In this series, I dig a little deeper into the meaning of psychology-related terms. This week’s term is consumer culture.
Mel of Caramel (Learner at Love) mentioned in a recent post that she’d seen pictures of luxury vehicles accessing food banks. It got me thinking about the pressures to consume newer, bigger, shinier things, and how some people seem to be more immune to it than others.
What consumer culture involves
Oxford Bibliographies describes consumer culture as “a form of material culture facilitated by the market, which thus created a particular relationship between the consumer and the goods or services he or she uses or consumes.” It’s not about the act of consumption itself, but rather the status that’s associated with consumption and the inequalities that this creates.
An article in Psychology Today described two broad types of goals and values. Extrinsic goals/values arise when people accept the messages of consumer culture and focus on the pursuit of money, material goods, and status. They also try to project an image reflective of that. Intrinsic goals/values, on the other hand, relate to intangibles like inward experiences, meaning, and relationships. Placing more weight on intrinsic, non-consumerist values and goals has been associated with greater life satisfaction and better mood.
According to an article in Psychological Inquiry, having certain important possessions isn’t necessarily a bad thing, as some items can become symbolic markers of the life histories of self or others. However, consumer culture creates a number of problems beyond simply the potential importance of possessions.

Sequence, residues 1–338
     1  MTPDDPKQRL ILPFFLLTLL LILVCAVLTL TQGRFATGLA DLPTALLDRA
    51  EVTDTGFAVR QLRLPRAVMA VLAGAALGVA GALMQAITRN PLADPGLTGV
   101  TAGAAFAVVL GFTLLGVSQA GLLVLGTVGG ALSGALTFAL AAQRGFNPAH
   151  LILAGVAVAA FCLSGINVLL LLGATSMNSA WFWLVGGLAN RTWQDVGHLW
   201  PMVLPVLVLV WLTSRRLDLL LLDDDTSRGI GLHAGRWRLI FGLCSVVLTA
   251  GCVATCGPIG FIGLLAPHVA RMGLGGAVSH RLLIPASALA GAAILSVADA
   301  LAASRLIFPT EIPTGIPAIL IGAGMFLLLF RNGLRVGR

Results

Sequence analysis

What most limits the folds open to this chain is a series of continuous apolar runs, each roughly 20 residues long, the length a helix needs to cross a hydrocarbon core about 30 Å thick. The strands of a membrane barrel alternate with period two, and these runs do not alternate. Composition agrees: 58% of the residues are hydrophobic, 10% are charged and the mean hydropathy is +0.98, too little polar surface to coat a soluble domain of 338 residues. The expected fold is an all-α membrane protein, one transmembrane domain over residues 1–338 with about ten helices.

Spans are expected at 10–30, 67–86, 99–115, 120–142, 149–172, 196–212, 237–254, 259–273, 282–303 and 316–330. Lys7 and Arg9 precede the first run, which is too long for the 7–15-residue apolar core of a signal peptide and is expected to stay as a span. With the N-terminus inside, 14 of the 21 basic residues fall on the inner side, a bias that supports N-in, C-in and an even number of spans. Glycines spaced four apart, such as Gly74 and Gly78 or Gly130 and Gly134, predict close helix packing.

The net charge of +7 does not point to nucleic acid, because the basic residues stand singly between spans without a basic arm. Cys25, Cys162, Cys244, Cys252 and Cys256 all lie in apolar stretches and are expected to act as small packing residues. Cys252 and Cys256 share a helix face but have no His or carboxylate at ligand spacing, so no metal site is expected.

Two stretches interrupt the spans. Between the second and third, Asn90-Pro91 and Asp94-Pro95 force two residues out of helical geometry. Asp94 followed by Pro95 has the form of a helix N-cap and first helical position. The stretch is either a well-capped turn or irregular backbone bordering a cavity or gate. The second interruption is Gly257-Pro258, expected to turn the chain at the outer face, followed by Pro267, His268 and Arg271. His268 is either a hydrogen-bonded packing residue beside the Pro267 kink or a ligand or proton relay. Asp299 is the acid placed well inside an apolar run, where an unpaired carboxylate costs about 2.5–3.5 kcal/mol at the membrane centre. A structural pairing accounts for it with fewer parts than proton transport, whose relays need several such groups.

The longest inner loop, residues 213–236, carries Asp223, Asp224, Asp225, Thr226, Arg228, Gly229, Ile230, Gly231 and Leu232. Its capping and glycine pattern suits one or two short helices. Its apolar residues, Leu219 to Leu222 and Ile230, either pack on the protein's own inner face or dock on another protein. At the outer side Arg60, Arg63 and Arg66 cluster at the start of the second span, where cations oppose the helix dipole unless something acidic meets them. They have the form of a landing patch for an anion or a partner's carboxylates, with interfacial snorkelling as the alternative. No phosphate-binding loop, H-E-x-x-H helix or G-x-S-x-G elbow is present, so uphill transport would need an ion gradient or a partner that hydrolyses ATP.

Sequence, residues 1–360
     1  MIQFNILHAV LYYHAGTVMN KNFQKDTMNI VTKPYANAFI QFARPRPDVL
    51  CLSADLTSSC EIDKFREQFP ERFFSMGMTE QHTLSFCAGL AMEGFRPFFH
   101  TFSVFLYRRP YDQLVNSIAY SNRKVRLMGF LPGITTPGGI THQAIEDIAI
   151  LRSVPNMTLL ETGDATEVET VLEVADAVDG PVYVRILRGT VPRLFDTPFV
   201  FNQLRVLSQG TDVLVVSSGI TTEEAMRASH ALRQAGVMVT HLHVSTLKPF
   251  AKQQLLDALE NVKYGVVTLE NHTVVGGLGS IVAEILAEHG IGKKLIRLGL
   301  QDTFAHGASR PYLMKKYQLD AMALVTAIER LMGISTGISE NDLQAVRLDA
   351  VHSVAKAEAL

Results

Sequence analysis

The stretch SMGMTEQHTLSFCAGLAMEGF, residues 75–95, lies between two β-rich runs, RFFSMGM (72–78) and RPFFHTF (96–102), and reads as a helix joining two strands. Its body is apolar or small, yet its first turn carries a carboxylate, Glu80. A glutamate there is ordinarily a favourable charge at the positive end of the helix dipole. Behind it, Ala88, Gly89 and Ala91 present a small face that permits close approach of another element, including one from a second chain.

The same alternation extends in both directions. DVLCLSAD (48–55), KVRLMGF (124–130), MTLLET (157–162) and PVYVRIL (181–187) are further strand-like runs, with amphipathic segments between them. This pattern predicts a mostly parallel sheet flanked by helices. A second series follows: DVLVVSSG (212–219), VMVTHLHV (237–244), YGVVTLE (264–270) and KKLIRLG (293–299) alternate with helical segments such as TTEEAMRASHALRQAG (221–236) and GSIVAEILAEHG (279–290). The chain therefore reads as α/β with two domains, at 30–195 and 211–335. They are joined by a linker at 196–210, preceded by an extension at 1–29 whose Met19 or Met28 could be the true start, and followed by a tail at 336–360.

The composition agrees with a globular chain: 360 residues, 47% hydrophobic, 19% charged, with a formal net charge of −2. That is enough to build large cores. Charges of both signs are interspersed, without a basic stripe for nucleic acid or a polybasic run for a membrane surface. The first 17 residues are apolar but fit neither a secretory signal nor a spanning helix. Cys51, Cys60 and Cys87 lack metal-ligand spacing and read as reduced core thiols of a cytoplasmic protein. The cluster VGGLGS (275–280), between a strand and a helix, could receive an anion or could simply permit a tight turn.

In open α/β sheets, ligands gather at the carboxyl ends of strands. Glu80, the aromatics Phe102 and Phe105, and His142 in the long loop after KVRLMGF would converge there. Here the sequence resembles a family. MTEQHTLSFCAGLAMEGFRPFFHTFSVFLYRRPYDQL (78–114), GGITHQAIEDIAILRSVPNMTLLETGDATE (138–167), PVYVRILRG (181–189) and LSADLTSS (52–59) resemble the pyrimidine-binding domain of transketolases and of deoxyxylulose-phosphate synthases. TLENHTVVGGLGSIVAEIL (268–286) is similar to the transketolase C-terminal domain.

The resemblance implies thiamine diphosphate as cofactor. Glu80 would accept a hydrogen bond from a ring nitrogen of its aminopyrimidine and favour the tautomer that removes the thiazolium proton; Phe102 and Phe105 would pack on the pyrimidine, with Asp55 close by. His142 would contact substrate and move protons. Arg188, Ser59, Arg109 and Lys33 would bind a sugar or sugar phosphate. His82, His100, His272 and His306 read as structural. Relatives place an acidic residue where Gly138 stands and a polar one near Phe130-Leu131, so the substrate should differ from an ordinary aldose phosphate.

The article goes on to say that consumer culture, fuelled by psychologically fined-tuned advertising, perpetuates myths like the “body perfect” and what it means to live the “good life.” We’re also encouraged to seek and express our individuality through the products we consume.
When people are unaware that these messages are being conveyed to them, entrapment can occur. It’s when people think advertising doesn’t affect them that they tend to be most susceptible. Developing greater media literacy can improve people’s ability to evaluate the messages that they’re receiving and detect attempts to manipulate them.
So, what can be done to bring about change? I don’t think there’s an issue of inevitability when it comes to individual responses to consumerist messaging. The tendency to focus on extrinsic or intrinsic goals and values probably has a lot to do with one’s upbringing.
I grew up in quite an anti-consumerist household, and that mindset was very strongly ingrained within me by the time I had any real degree of purchasing power. I’m exposed to the same kind of consumer culture messaging, but I can recognize it and choose to reject it.
It would be nice if corporations and their advertisements didn’t continue to fuel this consumer culture. Realistically, though, they’re unlikely to do so voluntarily, and I’m not sure how regulations could effectively address this.
Perhaps if there was greater awareness about these insidious effects, people would be able to reevaluate their consumer behaviour and start thinking about shifting from extrinsic to more intrinsic goals and values. I would think that changes in consumer behaviour and demand would be the most powerful incentives for changes in industry.
How do you tend to respond to consumer culture messaging? Do you have any ideas to bring about change?
- Dittmar, H. (2007). The Costs of Consumer Culture and the “Cage Within”: The Impact of the Material “Good Life” and “Body Perfect” Ideals on Individuals’ Identity and Well-Being. Psychological Inquiry, 18(1), 23-31.
- Oxford Bibliographies: Consumer Culture
- Psychology Today: Consumer Culture and Well-Being